Even before President Donald Trump took office, there was a fear that the nascent leader of the free world would lead the country into a global nuclear war. That fear reached a high point in December 2016, when Trump — then president-elect — said that he wanted to "strengthen and expand" our nuclear arms (conditionally — "until the world comes to its senses regarding nukes" he explained, in a twist of irony). He followed that up by going on "Morning Joe" — then a TV show he liked — and responded to charges that he was advocating an arms race by replying, "let it be an arms race."
Those words are now more true than ever.
Because, as Trump is trying to bring America back to a golden age, one such age he's trying to emulate is the "duck-and-cover" high-flying 1960s. Per the New York Times:
The Pentagon envisions a new age in which nuclear weapons are back in a big way — its strategy bristles with plans for new low-yield nuclear weapons that advocates say are needed to match Russian advances and critics warn will be too tempting for a president to use. The result is that the nuclear-arms limits that go into effect on Monday now look more like the final stop after three decades of reductions than a way station to further cuts.
In contrast to the president’s address, the report issued on Friday, known as the Nuclear Posture Review, focuses intensely on Russia. It describes Mr. Putin as forcing America’s hand to rebuild the nuclear force, as has a series of other documents produced by Mr. Trump’s National Security Council and his Pentagon.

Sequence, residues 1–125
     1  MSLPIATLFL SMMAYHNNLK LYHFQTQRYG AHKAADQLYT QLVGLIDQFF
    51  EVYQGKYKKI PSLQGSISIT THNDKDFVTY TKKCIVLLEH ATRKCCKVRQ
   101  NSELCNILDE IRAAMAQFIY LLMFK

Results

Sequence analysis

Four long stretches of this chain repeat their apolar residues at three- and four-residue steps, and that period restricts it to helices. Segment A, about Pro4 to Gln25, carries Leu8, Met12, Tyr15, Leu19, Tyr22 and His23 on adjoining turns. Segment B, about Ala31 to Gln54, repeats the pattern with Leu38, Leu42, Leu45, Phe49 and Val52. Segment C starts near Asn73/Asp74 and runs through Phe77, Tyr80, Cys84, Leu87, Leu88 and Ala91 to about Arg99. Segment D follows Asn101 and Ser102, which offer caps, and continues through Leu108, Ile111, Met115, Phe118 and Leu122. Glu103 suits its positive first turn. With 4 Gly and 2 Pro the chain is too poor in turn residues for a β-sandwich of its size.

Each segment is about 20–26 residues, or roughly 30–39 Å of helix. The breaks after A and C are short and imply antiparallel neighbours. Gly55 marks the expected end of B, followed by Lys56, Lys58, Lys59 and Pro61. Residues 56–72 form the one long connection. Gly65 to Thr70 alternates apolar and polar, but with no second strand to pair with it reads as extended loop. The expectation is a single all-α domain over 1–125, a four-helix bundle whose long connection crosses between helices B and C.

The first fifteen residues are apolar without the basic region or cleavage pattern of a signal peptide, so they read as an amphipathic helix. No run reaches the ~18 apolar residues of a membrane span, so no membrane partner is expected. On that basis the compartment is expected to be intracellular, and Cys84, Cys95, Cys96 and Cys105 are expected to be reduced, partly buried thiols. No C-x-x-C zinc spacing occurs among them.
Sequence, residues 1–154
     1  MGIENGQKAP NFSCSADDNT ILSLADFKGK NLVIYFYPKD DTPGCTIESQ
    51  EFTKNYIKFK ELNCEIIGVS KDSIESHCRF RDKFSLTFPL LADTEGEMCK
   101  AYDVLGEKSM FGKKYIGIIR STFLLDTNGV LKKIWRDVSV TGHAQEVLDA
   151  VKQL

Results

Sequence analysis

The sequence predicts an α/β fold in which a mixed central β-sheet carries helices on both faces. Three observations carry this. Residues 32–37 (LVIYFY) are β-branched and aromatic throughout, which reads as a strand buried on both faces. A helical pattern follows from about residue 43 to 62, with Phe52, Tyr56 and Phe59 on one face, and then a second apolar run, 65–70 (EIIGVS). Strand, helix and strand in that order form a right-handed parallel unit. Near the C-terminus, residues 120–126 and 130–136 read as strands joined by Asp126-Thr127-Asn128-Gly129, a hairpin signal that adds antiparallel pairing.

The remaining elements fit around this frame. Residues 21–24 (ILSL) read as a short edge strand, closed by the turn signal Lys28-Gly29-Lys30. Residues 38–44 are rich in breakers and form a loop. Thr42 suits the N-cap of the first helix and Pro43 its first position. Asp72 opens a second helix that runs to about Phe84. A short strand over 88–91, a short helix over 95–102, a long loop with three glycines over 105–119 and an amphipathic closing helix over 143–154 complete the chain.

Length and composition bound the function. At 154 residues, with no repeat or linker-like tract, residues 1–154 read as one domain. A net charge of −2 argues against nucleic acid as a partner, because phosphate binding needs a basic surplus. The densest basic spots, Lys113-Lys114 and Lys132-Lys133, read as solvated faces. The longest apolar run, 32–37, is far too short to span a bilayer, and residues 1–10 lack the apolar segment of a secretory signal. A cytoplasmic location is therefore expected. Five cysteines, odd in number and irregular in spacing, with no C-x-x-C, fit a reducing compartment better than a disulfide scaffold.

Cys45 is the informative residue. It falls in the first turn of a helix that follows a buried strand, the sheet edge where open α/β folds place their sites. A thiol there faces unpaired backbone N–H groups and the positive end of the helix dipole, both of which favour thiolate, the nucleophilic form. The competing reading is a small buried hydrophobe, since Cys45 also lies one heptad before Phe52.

The report contains a sharp warning about a new Russian-made autonomous nuclear torpedo that — while not in violation of the terms of the treaty, known as New Start — appears designed to cross the Pacific undetected and release a deadly cloud of radioactivity that would leave large parts of the West Coast uninhabitable.
Trump has threatened — or at least teased — that he'd use a nuclear arsenal if given the chance. Last month, he bragged that his "nuclear button" was larger than that of North Korea — a country that is developing its own nuclear arsenal, complete with weaponry that would allow it to strike the United States.
But an arms race with Russia comes with its own big problems. For starters, Russia already has the capability to strike the United States. It's also rebuilding its own nuclear arsenal, the Times noted, in defiance of a number of treaties. But Trump has shown reluctance to act on sanctions against Russia — and he hasn't mentioned the country as a reason to up its nuclear stockpile.
The United States would spend $1.2 trillion over the next 30 years on the nuclear weapons.
Only one country has ever used nuclear weapons against another country. That was the United States, who dropped two such bombs against Japan in 1945.